The metalmarks are a diverse family of butterflies that mainly occur in the tropics. The northern metalmark is the only species of this family that occurs in New York. Unlike almost all other butterflies, metalmarks often rest flat against the undersides of leaves with the upper surface visible. The metalmark's contrasting orange underside may serve to startle or confuse predators, similar to the colorful hindwings of underwing moths (genus Catocala).
This species has been recently recorded in Dutchess County in 2007 and 2013. The only other documented population statewide was based on collections in Orange County before 1866. The 2007 discovery was the first since the 1860s. This species is globally uncommon to rare and it is very rare in New York.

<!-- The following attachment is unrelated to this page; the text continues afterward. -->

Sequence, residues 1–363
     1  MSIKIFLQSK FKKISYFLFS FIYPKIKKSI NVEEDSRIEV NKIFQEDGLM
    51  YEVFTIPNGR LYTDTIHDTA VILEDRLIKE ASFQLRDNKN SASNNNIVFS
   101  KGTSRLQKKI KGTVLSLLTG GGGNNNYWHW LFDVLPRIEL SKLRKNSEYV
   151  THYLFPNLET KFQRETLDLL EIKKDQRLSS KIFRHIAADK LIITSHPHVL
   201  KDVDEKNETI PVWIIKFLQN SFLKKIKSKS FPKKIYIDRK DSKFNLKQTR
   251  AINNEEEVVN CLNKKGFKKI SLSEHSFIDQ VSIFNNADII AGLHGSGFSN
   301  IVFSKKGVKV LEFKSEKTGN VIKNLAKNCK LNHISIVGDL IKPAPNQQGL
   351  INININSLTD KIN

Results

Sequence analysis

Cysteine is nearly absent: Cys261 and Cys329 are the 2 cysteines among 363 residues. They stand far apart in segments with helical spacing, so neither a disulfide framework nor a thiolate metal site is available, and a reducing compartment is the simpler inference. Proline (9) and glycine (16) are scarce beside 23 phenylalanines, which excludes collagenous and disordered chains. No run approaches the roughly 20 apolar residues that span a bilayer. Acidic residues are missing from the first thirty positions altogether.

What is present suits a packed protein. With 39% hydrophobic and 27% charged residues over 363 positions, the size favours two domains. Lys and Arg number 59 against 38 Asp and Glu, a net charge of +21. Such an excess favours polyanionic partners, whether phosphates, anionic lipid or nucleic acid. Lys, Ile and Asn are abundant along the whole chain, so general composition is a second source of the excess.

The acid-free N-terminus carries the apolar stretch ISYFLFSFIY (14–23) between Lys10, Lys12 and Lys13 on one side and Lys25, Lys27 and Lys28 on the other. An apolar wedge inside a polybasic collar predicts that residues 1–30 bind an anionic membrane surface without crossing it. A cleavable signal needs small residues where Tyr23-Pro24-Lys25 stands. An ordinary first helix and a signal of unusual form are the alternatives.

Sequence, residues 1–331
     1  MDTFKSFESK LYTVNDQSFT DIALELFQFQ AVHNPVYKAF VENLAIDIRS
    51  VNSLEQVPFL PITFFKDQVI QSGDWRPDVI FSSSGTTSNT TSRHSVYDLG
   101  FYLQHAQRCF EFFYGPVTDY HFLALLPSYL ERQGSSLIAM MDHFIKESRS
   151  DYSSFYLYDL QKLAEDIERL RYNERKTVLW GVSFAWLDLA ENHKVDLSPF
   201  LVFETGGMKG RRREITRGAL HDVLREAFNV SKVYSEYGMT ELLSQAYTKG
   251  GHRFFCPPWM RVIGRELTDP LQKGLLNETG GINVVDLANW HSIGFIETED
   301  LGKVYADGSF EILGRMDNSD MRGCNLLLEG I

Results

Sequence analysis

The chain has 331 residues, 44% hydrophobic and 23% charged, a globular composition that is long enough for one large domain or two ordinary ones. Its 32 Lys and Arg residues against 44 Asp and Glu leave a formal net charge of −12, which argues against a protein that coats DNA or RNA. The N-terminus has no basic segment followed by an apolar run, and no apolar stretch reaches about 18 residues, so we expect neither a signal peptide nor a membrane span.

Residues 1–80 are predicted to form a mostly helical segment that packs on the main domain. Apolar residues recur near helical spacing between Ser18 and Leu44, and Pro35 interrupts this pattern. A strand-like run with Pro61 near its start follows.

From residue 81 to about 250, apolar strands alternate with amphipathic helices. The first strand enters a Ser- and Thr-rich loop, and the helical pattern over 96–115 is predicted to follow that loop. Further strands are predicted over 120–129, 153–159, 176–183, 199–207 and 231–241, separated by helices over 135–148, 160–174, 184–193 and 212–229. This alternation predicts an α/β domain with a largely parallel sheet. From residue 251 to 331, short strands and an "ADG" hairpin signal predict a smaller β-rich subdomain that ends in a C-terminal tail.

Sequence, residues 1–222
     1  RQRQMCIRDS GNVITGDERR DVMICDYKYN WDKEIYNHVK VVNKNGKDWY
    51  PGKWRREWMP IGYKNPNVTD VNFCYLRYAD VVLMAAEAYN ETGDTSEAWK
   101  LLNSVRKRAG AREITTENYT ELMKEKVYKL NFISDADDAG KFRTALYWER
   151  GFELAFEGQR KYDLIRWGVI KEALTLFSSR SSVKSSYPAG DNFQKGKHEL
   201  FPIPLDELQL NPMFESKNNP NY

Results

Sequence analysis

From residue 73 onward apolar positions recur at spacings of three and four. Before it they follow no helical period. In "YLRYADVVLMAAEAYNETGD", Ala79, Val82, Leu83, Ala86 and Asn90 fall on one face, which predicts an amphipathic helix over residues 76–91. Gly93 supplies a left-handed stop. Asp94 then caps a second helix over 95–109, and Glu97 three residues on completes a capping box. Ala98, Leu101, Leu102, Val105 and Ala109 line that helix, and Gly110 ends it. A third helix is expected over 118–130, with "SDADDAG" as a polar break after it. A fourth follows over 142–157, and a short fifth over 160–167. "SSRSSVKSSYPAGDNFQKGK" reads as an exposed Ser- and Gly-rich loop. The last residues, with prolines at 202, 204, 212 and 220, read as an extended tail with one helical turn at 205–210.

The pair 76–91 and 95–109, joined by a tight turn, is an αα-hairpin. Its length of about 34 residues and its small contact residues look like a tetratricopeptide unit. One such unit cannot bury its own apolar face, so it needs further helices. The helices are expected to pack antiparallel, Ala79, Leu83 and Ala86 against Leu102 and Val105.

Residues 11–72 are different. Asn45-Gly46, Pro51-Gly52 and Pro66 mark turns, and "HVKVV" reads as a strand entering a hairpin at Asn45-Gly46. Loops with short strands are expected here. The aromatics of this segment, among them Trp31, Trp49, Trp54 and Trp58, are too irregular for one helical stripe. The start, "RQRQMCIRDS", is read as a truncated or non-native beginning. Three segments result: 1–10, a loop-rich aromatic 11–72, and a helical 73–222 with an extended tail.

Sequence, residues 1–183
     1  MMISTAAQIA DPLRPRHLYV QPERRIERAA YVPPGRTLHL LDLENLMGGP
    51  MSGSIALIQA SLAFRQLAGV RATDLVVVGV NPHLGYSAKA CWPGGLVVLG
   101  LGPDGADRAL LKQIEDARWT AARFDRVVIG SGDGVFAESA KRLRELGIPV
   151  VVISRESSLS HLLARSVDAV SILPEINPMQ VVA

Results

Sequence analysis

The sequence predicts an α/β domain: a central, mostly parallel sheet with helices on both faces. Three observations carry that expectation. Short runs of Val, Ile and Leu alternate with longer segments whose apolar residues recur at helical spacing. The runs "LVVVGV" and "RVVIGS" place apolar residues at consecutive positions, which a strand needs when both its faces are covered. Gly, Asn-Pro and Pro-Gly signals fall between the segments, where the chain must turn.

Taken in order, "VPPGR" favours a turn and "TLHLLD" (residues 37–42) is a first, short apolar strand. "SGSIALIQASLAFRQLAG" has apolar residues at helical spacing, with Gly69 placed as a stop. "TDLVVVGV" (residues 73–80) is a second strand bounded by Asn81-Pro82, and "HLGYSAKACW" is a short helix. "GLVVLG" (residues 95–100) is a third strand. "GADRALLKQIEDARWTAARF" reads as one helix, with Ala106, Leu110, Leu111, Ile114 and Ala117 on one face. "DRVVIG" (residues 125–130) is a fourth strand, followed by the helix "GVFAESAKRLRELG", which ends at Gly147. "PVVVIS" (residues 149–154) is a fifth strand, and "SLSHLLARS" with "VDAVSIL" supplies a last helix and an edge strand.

The short-term trends are unknown.
The long-term trends are unknown. The species has been reported at three locations in Dutchess County in 2007 and 2013, but has not been reported elsewhere in the state since the 1860s.
The main threats would be habitat loss to development, invasive plants, succession, and the isolation of the remaining colonies. It is not known whether the remaining populations are large enough to persist. Deer are also a potentially serious threat. While they do not severely graze the foliage of the foodplant, roundleaf ragwort (Packera [better known as Senecio] obovata), they do eat the flowers which could reduce the foodplant in the long term. Of most immediate concern though is the elimination of nectar sources by deer. This has been observed several times in potential, but unoccupied, habitats in New Jersey. Gypsy moth spraying could also be a threat, but the potential sensitivity of larvae to Btk (Bacillus thuringiensis variety kurstaki - a bacterial biological control used on gypsy moth caterpillars) is unknown.